Established in 1983, Samgwangsa (otherwise spelled as Samkwangsa) is an expanding collection of ornate temple buildings dedicated to the Bodhisattva of Compassion. During Buddha’s birthday, the large courtyard, stairways, walkways and levels of the multi-storyed buildings are transformed into colorful displays of lanterns and other light displays. Rather calm music and chanting (likely recorded) emanated from the speakers scattered throughout the complex. Massive colorful dragons flanked both sides of the stairway leading up to main hall. Their heads moved back and forth, sometimes even shooting bursts of flames from their mouths. On the back of each dragon stood a calm Buddhist statue, whose clothing and skin reflected the glow of the ever-changing colors of the lights on the dragon’s scales. To the side of the main hall was a tall pagoda, whose base was surrounded by several rows of colorful lanterns. A dazzling display of neon Hangeul characters and colorful (changing) background would have fit right in with the displays in Los Vegas. 

Visitors willing to take off their shoes were allowed inside the main hall. The elaborately  carved wooden altar was piled with gifts and offerings of food and flowers. A large golden statue of the Historical Buddha commanded the center, while the Bodhisattva of Compassion and the Bodhisattva of wisdom and Power occupied the right and left murals of the triptych. More relief-style figures surrounded the sculptures enclosed in ornate frames. Above, blue-scaled dragon heads spit out their tongues. In typical Korean style, the ceiling and column tops were elaborately painted. Heads of even larger dragons emerged from the painted beams. Devotees kneeling on square cushions bowed, gazing towards the beautiful altar.

The sky now a deep, dark sapphire blue, the entire scene outside was illuminated. Eager to get a better view, we entered into the building containing a large auditorium and ascended the steps to some open windows. The scene before us was magical. Lanterns everywhere glowed. Selective lanterns in the middle of the canopy of lanterns glowed in the shape of the swastika. The dragons were even more impressive, casting their glow. Higher strands of lanterns looked like beads, twinkling against the dark hillside. 

We followed an ascending canopied pathway to another massive building. From above, the canopy of colored lanterns along the curved path looked like an expressway of color. White and cream lanterns glowed on the building’s balconies. Following a winding path up a hill also illuminated by lanterns, we reached a tall pagoda created from handmade hanji paper. The stark white of the illuminated paper pagoda contrasted against the inky black sky and meandering strands of taller colorful lanterns. 

I’d love to read statistics on this temple’s preparation for the festival. How many lanterns were used? How many meters of hanji paper, silk, etc. were needed to create the lanterns? How long did it take to erect the scaffolding and string all the lanterns? How many visitors come to the temple? I read that this year’s celebrations at Samgwangsa was downscaled a bit out of reverence to the lives lost in the Sewol ferry disaster. Considering the display before me, how magnificent it must be in typical years? Truly a must-see.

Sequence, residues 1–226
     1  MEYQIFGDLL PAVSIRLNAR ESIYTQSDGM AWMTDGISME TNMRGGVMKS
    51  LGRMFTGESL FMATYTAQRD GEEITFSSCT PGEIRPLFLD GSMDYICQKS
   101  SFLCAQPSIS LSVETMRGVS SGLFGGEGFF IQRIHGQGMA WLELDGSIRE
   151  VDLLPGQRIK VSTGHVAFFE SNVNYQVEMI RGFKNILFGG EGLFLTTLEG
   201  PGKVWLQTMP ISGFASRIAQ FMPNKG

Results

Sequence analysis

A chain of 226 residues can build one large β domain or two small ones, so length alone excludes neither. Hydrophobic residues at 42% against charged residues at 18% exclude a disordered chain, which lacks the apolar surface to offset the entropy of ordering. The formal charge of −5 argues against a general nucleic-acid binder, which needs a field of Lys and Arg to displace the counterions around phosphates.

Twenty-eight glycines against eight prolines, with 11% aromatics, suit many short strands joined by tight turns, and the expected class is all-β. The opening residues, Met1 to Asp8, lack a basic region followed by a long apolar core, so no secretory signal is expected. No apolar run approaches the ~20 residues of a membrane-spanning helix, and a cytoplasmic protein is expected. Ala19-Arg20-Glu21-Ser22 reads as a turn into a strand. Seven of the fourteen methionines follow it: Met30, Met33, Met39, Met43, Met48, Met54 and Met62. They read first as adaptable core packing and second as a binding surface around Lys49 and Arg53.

See more photos of Samgwangsa Temple at my Flickr album.

Friday, May 23, 2014

Jagalchi Fish Market

Markets are one of my favorite types of places to visit. Everything seems to be a bit more intense in local markets, from the sellers and their wares, to the shoppers. Markets can be an assault on the senses. Being a port city, Busan is known for its seafood. As such, we visited the Jagalchi Fish market, Korea’s seafood market. Much of the market is indoor, but we chose to spend more time walking through the stalls outside. In both, the variety of fish and seafood was quite amazing. Tanks contained live fish and colorful plastic bowls were piled high with mounds of various colored fish and shells. Dried fish in interesting shapes were arranged with care. Fresh seaweed was neatly cut and stacked. Older women, known as “Jagalchi Ajumma” were clearly masters of this domain, donning short curly black hair, long rubber gloves, and brightly colored waterproof aprons and high rubber boots. 
Gaebul spoon worm

Prepared Gaebul, eaten raw

Visitors had their choice of small booth-like restaurants. Nothing fancy, but definitely places to eat fresh catch. Choose your desired seafood by pointing to the tank or bowl, and soon it will be on your plate. We actually ate at the market twice, once having fish & eel cooked on a hotplate right on our table, and the other time eating a most strange spoon worm gaebul, known as the penis fish. Those tubular non-descript creatures that looked more like bratwurst to me were quickly deflated, their insides scraped out. The outer portions were cut up, sprinkled with sesame seeds, and placed on our table, along with some various sauces. Not quite sure how to prepare or eat them, we patiently waited for the lady to return. Meanwhile, she worked on an order for another table, decisively stabbing one end of a still wiggling eel and deftly filleting it. Guts and other unwanted parts of the seafood were scraped together, then the next items prepared. Perhaps a bit puzzled why we were not eating our food, another lady came to our table and gestured that we were to dip the raw fish into the sauce - no cooking! Can’t say that I enjoyed the taste or rubbery texture, but my Vietnamese friend and I did eat it, albeit giggling while we did. Not satiated, we left and ate a bit more familiar food shortly thereafter. 

Wednesday, May 21, 2014

Beaches of Busan

Flying kites at Haeundae Beach